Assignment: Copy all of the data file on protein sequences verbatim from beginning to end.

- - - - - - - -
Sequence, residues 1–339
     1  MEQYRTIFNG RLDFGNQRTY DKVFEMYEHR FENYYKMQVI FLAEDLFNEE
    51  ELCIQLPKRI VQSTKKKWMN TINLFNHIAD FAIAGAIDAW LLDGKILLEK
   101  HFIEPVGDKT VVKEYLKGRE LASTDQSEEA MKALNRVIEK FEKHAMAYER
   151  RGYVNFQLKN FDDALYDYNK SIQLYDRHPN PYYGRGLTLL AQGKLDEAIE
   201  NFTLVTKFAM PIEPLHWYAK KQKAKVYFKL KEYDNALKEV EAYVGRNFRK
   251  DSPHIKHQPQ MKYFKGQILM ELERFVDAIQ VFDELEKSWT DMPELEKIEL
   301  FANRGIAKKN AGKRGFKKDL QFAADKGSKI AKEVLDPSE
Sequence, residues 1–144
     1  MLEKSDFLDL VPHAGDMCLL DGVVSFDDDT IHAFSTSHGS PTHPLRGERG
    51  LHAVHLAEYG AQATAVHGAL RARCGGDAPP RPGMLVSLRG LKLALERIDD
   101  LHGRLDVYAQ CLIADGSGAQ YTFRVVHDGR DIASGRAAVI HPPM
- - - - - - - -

Sequence, residues 1–339
     1  MEQYRTIFNG RLDFGNQRTY DKVFEMYEHR FENYYKMQVI FLAEDLFNEE
    51  ELCIQLPKRI VQSTKKKWMN TINLFNHIAD FAIAGAIDAW LLDGKILLEK
   101  HFIEPVGDKT VVKEYLKGRE LASTDQSEEA MKALNRVIEK FEKHAMAYER
   151  RGYVNFQLKN FDDALYDYNK SIQLYDRHPN PYYGRGLTLL AQGKLDEAIE
   201  NFTLVTKFAM PIEPLHWYAK KQKAKVYFKL KEYDNALKEV EAYVGRNFRK
   251  DSPHIKHQPQ MKYFKGQILM ELERFVDAIQ VFDELEKSWT DMPELEKIEL
   301  FANRGIAKKN AGKRGFKKDL QFAADKGSKI AKEVLDPSE
Sequence, residues 1–144
     1  MLEKSDFLDL VPHAGDMCLL DGVVSFDDDT IHAFSTSHGS PTHPLRGERG
    51  LHAVHLAEYG AQATAVHGAL RARCGGDAPP RPGMLVSLRG LKLALERIDD
   101  LHGRLDVYAQ CLIADGSGAQ YTFRVVHDGR DIASGRAAVI HPPM